Ten years on, Danny's killers are still at large

Anniversary call for police to use science to continue search for murderers

Saturday marks the tenth anniversary of Bedford man Danny Ferguson's unsolved murder.

The 32-year-old was shot and stabbed at his bedsit in Shakespeare Road by a killer or killers who have never faced a court for the crime.

And after a decade of frustration for friends, family and police, the savage slaying still casts a shadow over the town.

Borough councillor Randolph Charles, who has criticised the police for their handling of the case, said he hoped they could still crack it with the help of scientific breakthroughs.

Coun Charles said: "I accept the police have done as much as they can in the circumstances and as much as they can for now. But there are people out there in the community who don't share that feeling and believe the police should be able to do more.

"I hope that advances in forensic science will allow the case to be resolved. The police are now solving crimes which are nine or ten years old, and so there is still that possibility provided the case is kept open and alive."

Mr Ferguson, a driver and doorman, was found dead in his bedsit on February 21, 1994.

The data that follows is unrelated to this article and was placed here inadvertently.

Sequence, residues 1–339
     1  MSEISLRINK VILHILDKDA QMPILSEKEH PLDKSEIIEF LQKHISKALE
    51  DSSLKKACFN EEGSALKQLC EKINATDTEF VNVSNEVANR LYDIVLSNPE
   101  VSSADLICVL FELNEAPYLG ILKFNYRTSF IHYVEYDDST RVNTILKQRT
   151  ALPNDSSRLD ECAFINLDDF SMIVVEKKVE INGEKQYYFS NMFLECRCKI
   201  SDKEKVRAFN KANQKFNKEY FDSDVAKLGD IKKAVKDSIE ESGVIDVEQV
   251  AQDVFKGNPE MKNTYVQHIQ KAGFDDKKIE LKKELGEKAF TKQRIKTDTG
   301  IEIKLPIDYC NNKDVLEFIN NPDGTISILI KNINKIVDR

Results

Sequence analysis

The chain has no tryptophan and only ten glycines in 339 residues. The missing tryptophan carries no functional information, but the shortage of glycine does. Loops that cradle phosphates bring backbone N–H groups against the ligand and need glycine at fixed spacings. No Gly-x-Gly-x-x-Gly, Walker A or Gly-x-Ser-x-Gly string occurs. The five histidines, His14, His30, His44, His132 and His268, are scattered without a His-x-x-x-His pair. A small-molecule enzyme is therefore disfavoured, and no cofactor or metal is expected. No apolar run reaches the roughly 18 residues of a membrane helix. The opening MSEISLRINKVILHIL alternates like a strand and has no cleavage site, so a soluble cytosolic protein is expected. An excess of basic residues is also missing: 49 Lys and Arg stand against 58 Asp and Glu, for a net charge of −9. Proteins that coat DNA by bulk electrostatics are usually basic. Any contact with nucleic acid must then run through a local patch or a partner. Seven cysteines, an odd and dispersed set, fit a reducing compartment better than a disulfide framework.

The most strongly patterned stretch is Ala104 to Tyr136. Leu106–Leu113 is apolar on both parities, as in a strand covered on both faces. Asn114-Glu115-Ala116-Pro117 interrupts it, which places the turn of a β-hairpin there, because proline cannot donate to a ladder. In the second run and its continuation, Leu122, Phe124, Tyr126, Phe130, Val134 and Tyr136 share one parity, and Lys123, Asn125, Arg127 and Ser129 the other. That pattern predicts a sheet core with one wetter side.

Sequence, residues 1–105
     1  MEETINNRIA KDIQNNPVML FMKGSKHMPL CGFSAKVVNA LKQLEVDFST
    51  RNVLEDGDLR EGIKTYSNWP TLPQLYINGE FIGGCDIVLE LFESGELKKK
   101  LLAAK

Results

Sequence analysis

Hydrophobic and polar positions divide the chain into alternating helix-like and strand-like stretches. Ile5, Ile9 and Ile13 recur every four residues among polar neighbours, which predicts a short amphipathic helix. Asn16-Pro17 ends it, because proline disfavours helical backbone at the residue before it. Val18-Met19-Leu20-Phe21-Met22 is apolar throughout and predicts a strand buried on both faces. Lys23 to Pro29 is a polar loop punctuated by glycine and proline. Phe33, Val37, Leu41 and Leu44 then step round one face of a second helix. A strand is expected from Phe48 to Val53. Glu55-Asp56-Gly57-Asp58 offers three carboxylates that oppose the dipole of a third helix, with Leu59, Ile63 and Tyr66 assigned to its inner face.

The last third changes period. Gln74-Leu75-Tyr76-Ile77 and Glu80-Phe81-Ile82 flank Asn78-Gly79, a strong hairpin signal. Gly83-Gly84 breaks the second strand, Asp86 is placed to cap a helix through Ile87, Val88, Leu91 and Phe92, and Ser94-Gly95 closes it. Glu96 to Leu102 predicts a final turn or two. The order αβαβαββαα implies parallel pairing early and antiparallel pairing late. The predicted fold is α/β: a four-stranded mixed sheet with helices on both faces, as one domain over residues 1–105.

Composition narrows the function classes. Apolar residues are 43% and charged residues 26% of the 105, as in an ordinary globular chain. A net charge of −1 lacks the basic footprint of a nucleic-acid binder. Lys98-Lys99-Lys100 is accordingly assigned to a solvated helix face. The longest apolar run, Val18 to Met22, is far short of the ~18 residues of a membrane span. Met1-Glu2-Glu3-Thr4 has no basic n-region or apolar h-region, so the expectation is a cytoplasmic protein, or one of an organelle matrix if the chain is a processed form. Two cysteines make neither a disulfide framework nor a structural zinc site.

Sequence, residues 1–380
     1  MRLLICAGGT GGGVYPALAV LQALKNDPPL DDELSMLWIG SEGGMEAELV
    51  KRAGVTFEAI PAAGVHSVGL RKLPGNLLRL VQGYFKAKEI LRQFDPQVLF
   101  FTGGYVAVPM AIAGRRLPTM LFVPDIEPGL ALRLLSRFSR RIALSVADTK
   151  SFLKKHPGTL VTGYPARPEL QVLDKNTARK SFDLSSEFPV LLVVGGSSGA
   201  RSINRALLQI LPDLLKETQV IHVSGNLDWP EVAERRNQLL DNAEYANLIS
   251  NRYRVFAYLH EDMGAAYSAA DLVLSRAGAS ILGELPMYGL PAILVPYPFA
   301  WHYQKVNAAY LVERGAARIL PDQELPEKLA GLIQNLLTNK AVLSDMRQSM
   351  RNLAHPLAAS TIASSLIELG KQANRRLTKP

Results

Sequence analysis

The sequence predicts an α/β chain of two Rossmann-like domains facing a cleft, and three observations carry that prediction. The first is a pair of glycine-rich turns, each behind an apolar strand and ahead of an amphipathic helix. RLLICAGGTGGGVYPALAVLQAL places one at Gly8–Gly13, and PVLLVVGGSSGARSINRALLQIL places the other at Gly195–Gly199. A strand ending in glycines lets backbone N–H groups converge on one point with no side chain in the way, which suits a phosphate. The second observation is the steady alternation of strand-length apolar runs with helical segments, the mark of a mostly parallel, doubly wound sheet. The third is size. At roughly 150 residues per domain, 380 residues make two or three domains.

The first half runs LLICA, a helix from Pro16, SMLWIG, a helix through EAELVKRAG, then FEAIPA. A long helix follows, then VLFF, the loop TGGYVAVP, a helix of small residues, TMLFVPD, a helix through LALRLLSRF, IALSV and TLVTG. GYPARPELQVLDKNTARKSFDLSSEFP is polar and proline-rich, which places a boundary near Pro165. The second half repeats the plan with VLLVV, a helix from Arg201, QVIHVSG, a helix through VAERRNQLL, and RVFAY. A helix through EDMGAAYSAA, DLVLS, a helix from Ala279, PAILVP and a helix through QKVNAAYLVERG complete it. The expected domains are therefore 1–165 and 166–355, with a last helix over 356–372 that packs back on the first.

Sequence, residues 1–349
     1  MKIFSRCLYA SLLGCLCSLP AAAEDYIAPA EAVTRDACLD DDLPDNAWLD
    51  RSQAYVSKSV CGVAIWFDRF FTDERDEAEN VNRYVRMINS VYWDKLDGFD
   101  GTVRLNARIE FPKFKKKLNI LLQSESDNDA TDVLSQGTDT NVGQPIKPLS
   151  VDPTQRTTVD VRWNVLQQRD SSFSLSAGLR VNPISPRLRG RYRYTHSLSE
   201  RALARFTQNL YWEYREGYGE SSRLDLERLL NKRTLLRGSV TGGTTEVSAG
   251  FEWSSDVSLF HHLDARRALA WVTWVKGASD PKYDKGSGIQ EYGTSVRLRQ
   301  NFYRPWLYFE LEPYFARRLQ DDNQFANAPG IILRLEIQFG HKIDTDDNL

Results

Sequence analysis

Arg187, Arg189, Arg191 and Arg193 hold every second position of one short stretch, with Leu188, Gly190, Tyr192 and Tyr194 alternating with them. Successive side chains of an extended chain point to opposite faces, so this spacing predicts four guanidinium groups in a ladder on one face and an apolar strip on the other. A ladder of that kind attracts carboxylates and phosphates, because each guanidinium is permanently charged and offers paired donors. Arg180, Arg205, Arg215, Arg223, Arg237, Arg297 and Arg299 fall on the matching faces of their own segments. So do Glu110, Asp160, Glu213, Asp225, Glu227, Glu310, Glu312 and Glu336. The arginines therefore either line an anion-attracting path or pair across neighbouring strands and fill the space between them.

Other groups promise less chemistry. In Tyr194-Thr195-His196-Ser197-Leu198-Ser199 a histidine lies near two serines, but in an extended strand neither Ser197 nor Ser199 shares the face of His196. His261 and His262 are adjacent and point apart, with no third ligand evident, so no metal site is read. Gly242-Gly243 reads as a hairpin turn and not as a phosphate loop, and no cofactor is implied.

He had been shot through the forehead with a .22 calibre weapon and struck two heavy blows to the head with a blade.

Detectives soon established the murder followed a row in his building 24 hours earlier which left an Asian man needing ten stitches to a cut on his head.

Although no-one has ever faced a jury charged with murder, six men were prosecuted for violent disorder – and acquitted.

Claims Bedford detectives had done a sloppy job were not upheld two years ago when continuing disquiet over the case was followed by an external review.

Officers from the Northamptonshire force gave the investigation a clean bill of health and suggested ways of moving it forward.

Bedfordshire Police spokesman Des Lawless said the case remained open under Detective Superintendent Andrew Richer.

Forensic work was still going on to secure a conviction, he added, and officers were heeding the advice of the external review on other forensic techniques to be used.

Coun Charles said: "Danny's case is a complicated one because it is wrapped up with issues of community involvement and cohesion. We all have to live with each other harmoniously, but bubbling away there is still some resentment towards elements in the community and towards the police."